(ABQ Press, 2013)

In Killer Miracle, Los Lunas author Laura Sanchez maps out a Río Arriba County murder mystery with more twists and turns than a mountain road. By turns funny, sexy, knowing, and tense, Killer Miracle’s skillfully executed story will satisfy hardcore mystery addicts, while anyone looking for a quick hit of northern New Mexico small-town life will savor the literary equivalent of a chile fix.

Killer Miracle opens with the murder of Emilio Córdova, a santero (artist who makes carved and painted images of the Catholic saints) in the fictional village of La Cuenta, a midsize town somewhere between Española and Abiquiú. Late one night in the church Emilio helps maintain, we find him attending the spectral image of an angel on the wall. Has he discovered a divine revelation in the storeroom, or did he paint it himself, blending pigment with natural water stains? There’s no time to speculate—as Emilio steps outside, locks the door, and heads home across the empty plaza, an unidentified assailant strikes him down. Just like that, two pages into the tale, Sanchez snares the reader with two nested mysteries. There are more to come.

For starters, miraculous images keep popping up around La Cuenta, a circumstance that lures Albuquerque architect Gwen Callendar onto the scene. While documenting a nearby historic house, Gwen does a favor for her beau, Mack Wilson, the state historian, who’s asked her to investigate the images. She barely gets started before police accuse Mack of murdering Emilio.

Thrust into a Nancy Drew role and hoping to prove Mack’s innocence—despite her heartbreak over the ill-considered dalliance that provides his weak alibi— Gwen soon stumbles onto a marijuana plantation, uncovers a clandestine land development scheme, and runs afoul of the shady mayor of La Cuenta. Working sometimes at odds with local police chief Ruben Lopez and sometimes in strained harmony, Gwen recruits Emilio’s grand- niece Elena, whose relationship with the mayor’s son leads the amateur sleuths into a hive of crooked connections and misinterpreted motives.

Confused? Don’t worry. Sanchez drops all the bread crumbs you need to stay on track, while her clever misdirection conceals the killer until the final pages. Along the way, Sanchez populates her story with a sampling of recognizable New Mexican types. Gwen provides the outsider perspective that most readers will identify with, while Elena, Ruben, and the rest inhabit a plausible small town, everybody’s-related community. Gallery owners and onetime La Raza militants round out the cast, as Sanchez endows even minor characters with backstories.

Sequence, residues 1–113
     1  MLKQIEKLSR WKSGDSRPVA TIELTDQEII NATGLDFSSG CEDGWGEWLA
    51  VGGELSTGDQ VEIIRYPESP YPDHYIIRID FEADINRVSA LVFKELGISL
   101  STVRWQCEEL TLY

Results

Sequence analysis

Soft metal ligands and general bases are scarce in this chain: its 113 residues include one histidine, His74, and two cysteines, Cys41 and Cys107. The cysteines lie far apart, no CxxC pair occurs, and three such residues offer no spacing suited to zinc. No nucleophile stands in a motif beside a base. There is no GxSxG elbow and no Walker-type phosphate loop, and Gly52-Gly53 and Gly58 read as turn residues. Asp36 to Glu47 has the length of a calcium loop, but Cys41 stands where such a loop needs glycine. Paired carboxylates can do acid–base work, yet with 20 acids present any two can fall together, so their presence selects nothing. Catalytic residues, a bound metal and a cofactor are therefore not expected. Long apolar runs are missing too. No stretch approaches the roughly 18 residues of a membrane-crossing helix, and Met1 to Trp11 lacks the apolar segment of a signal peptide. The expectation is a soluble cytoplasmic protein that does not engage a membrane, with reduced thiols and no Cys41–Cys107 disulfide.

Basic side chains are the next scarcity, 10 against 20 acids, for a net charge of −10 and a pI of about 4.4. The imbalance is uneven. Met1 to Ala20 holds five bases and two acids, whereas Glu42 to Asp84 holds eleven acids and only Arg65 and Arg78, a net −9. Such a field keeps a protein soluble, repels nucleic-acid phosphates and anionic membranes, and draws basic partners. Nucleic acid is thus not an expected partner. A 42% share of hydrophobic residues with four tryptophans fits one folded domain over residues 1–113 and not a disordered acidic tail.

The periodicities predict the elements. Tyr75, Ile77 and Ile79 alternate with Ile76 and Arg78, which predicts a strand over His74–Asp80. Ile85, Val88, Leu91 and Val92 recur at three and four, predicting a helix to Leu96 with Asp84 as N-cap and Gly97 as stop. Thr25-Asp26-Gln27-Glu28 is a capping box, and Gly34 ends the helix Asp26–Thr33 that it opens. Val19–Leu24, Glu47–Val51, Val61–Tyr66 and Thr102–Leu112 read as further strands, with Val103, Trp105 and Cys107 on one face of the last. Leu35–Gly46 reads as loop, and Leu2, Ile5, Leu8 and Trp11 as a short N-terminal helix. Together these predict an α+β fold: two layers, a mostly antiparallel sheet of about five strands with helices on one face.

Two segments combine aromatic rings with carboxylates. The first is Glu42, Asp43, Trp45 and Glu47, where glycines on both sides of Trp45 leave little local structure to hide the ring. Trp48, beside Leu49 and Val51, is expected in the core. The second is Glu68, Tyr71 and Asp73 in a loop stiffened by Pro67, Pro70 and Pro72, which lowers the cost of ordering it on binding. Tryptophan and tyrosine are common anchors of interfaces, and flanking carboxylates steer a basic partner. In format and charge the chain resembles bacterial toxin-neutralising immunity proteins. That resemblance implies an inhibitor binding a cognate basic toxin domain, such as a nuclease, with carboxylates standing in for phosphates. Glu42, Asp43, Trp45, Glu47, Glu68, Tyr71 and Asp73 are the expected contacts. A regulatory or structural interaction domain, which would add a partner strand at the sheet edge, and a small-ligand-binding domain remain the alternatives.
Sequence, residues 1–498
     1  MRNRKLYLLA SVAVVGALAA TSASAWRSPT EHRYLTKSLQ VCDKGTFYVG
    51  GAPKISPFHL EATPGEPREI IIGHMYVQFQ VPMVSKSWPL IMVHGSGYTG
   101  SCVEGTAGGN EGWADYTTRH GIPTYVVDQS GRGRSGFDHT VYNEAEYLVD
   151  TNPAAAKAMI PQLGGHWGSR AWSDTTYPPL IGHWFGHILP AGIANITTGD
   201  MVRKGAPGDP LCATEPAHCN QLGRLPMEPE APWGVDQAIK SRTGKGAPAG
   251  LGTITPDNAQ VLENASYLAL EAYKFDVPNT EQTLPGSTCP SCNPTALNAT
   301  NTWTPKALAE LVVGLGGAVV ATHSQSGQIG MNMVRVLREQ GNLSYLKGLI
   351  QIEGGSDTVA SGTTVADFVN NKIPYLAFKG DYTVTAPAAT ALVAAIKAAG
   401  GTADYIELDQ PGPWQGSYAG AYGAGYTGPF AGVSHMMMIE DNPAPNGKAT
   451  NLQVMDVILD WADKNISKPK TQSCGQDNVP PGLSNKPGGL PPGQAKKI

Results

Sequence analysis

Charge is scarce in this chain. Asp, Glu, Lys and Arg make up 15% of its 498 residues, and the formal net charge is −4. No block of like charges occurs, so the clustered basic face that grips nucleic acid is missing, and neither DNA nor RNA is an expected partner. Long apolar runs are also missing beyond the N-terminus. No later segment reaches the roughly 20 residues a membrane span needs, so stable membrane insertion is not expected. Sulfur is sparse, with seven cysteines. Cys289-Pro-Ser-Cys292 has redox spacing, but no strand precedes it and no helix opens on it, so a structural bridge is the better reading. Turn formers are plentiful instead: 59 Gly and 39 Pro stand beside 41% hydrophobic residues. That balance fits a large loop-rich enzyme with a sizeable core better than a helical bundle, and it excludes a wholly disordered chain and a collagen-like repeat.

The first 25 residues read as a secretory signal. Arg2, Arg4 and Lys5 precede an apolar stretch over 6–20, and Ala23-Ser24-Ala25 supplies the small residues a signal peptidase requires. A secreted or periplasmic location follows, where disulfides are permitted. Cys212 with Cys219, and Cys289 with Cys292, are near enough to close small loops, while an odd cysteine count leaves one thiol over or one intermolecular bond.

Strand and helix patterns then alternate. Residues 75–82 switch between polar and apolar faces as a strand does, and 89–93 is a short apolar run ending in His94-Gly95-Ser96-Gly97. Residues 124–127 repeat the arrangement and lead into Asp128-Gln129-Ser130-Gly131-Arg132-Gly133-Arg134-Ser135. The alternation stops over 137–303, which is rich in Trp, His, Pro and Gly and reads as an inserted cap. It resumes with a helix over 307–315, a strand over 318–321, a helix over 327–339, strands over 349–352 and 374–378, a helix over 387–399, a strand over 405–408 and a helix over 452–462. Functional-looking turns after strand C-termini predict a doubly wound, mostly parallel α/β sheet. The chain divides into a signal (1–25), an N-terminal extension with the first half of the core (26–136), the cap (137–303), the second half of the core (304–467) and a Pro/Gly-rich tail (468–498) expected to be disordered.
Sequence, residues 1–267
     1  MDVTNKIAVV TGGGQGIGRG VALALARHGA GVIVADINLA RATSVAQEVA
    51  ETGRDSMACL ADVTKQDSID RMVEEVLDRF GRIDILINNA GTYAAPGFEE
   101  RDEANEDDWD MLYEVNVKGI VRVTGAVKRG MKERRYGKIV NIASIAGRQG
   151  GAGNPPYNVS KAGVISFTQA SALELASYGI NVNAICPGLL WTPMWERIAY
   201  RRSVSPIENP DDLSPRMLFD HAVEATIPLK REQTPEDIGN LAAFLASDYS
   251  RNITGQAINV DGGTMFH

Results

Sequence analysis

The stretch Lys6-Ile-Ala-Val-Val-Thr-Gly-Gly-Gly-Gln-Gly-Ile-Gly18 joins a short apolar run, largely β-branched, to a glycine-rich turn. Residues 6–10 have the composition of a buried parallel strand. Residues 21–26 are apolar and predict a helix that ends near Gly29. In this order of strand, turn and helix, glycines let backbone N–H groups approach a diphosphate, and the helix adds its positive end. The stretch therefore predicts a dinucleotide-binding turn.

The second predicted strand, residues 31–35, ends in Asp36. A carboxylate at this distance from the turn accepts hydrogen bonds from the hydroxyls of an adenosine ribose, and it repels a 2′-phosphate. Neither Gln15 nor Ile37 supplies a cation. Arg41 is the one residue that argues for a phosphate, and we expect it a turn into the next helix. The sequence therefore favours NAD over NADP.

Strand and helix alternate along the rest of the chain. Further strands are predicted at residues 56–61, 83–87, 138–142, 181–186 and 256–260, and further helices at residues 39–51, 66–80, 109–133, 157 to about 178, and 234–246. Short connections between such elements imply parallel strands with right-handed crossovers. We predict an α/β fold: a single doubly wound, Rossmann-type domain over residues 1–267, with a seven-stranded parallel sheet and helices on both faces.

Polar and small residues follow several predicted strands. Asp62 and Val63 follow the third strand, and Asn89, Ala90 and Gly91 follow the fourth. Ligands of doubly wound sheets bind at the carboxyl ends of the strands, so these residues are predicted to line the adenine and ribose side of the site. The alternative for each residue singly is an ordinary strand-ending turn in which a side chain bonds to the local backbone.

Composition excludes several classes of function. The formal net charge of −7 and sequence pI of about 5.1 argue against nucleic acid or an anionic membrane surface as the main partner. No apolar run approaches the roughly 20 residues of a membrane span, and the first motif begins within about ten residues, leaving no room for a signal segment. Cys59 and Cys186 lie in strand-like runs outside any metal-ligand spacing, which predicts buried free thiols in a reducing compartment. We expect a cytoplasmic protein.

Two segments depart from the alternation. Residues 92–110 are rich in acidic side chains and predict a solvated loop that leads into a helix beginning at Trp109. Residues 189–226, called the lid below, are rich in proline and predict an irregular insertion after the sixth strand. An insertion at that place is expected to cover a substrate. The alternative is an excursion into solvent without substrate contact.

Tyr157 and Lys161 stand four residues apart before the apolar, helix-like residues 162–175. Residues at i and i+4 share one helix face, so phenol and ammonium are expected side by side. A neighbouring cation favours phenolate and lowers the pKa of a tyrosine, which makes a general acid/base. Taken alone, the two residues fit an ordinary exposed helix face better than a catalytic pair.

A longtime New Mexico resident, Sanchez has writing credits that include the young-adult novel Freaking Green and, with her husband, Alex, Adobe Houses for Today, a plan book for small, green-built homes. She has also run an architectural drafting business. Her mastery of art history and architecture provide Gwen with a surfeit of expertise to unravel the knotty puzzles surrounding her.

-Charles C. Poling

Miracles, Magic, and Monsters in the Land of Enchantment

(University of New Mexico Press, 2014)

A partial list of places that La Llorona has appeared, per Benjamin Radford’s research: the banks of the Santa Fe River, a highway outside Tecolote, irrigation ditches in Corrales, villages in southern Mexico, 15th-century German folklore, scholarly conferences, a PBS family drama, a commercial for the California Milk Processor Board, and, unsurprisingly, promotions for New Mexico tourism.

The task Radford has set for himself is to bring “science and scientific methods” to bear on his home state’s fascination with all things uncanny. Looking over a list of specimens like that, all from a single 21-page chapter, you start to worry he’s going to need one heck of a petri dish.

Fortunately, the book’s notion of scientific methods turns out to be broadly inclusive, from rigorous empirical inquiry to the breezy application of common sense. Though he’s deputy editor of Skeptical Inquirer magazine, Radford isn’t in the myth-busting business, exactly—more like myth deconstructing, taking apart stories that have passed from oral tradition to online creepypasta to figure out what makes them tick. In the La Llorona chapter, we hear from academics, abuelitas, and Rudolfo Anaya as Radford ranges from the weeping woman’s predecessors in world mythology to a dispiritingly factual disquisition on infanticide.

Other chapters tackle subjects as seemingly far-flung as the Aztec UFO crash, which turns out to be a colorful parable on the power of good and bad journalism, and the Loretto Chapel staircase, where faith and historiography form a curious spiral of their own. The unifying thread, Radford concludes, is that all of us, believers and skeptics alike, love a good story.

-John Muller